Saturday, April 18, 2009
i always pick up a copy of Open Exchange: Bay Area's Healthy Living Magazine to browse through it. i am curious about this circuit and all the people doing all kinds of therapies, creative arts, workshops, seminars in search of the "higher self" or "fulfillment" or "tantric experience" -- you get the picture. i have noticed in this recent publication that they have more Asian American practitioners than before. there may even be a Fil Am or two, am not sure.
recently, a friend asked - after attending a motivational event on how to find your authentic self - why there are no Fil Ams or Asian Ams at such events. she then began to reflect on the possibility that most Fil Ams have no problem with being authentic, that we are always just ourselves, unmasked. and so why pay to attend such an event? her next question was: well, if someone wants to build a career on the motivational lecture circuit and do it within the Fil Am community, wouldn't 'decolonization' be a good topic to develop? my brief answer:
I appreciate the questions and actually many folks have already asked if i would 'popularize' the decolonization framework and if it can be packaged to share with our community (much like the self-help event you cite). But the more I've thought about it, the more I'm convinced that what we/I have to offer doesn't lend itself well to the capitalist framework. I resist the idea of commodifying the work of Spirit. I think this is also the pitfall of the phenomenon that you are witnessing: as long as people feel they can purchase 'authenticity' they delude themselves into thinking that they can shortcircuit the deep inner work that is required.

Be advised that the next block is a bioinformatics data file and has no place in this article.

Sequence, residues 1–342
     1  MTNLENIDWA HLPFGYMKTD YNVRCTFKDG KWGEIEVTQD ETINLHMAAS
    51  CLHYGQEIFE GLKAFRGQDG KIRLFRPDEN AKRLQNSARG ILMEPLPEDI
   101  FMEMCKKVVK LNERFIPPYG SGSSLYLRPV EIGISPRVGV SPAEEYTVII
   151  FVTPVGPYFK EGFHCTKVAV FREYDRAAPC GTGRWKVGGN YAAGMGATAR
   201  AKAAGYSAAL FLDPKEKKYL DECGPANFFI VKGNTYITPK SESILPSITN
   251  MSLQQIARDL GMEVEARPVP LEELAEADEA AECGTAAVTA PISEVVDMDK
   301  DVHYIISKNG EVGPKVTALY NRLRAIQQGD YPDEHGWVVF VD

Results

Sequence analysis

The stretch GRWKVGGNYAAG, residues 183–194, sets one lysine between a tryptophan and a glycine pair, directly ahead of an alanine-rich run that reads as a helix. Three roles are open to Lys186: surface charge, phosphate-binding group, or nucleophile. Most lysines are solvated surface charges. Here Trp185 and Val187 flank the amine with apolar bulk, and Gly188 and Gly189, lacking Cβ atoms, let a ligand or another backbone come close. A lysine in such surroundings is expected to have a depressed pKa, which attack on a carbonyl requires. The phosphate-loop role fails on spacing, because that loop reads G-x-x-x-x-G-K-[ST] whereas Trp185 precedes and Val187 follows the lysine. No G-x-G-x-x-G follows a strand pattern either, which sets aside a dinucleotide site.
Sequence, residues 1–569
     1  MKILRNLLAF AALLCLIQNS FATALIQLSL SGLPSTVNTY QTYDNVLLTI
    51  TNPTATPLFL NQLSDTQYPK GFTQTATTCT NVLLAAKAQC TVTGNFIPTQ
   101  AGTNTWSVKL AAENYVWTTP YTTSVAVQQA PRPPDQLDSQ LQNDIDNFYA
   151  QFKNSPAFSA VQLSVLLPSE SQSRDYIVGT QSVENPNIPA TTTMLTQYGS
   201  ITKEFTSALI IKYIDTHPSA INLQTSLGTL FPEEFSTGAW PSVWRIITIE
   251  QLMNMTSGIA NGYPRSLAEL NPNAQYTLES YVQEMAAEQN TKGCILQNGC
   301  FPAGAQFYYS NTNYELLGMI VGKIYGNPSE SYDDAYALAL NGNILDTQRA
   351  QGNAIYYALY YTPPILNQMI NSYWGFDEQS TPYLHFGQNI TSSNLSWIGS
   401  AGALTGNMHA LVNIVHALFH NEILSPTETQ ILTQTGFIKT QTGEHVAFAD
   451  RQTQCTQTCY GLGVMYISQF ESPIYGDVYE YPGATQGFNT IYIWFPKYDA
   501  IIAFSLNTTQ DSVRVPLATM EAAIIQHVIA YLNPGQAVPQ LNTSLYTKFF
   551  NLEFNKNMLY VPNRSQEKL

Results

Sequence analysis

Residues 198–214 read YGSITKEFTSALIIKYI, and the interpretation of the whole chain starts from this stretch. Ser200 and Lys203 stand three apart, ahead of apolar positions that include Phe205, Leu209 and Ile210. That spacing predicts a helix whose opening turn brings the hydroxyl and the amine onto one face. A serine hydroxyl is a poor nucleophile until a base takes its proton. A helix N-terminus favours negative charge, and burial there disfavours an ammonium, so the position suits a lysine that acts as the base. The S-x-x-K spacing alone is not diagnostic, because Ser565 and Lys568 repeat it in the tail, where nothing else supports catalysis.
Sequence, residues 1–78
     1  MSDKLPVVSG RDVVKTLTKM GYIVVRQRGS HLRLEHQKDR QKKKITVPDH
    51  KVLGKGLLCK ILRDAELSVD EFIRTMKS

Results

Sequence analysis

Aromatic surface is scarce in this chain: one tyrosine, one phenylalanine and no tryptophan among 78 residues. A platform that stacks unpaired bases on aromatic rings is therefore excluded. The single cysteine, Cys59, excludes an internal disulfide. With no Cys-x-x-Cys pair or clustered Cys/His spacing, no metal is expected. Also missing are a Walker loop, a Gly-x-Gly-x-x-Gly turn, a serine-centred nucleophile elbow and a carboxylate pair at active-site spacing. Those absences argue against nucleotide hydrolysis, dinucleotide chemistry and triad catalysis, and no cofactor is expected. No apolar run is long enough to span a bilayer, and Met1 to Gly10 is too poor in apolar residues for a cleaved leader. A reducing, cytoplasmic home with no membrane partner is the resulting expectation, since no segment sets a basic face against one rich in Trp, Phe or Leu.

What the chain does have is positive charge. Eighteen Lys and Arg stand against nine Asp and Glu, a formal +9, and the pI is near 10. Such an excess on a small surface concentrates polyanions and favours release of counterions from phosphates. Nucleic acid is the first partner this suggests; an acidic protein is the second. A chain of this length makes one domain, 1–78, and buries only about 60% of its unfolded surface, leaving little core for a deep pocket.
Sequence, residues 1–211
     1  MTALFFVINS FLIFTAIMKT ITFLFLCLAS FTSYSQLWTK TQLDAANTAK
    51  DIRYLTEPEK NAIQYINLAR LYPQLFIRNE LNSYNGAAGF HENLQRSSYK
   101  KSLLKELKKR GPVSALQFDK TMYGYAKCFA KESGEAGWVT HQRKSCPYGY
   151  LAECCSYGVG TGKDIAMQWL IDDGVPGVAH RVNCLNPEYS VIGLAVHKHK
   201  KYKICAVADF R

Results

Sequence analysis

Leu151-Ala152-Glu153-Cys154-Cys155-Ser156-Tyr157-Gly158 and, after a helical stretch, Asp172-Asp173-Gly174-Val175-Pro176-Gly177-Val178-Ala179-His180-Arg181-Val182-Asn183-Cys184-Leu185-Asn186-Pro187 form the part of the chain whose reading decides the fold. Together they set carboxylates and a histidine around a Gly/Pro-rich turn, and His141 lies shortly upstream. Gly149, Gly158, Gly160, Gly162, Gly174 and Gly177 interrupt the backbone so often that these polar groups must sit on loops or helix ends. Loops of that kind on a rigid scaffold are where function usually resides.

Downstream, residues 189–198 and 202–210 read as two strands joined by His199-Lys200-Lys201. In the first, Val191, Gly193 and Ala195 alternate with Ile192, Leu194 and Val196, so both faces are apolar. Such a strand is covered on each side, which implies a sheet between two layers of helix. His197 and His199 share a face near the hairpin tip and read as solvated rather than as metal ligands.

... when you meet white folks who line up to hear motivational speakers and pay up...this is indeed a white, middleclass, maybe even suburban phenomenon. the proliferation of self-help books and gurus point to a deep -seated lack of ability in many folks to come to a sense of their own authenticity. i think this is what capitalism has done -- cultivate desires, fears, and then create commodities to satiate and palliate those desires and fears with products including selfhelp stuff. that is one layer. there are many more layers...but mostly when you point to the value placed on individualism (extreme) and folks lose track of their innate desire for community and erotic connection to nature and other species and other beings...you have the making of a culture that manifests itself in such events that you witnessed.
but, i admit, that the reason why i pick up "Open Exchange" is because I am fascinated by the capitalist marketing of what i call the work of Spirit. i understand that people need to make a living so why not advertise? people are willing to pay for services like these, why not sell?
so far, am not yet convinced.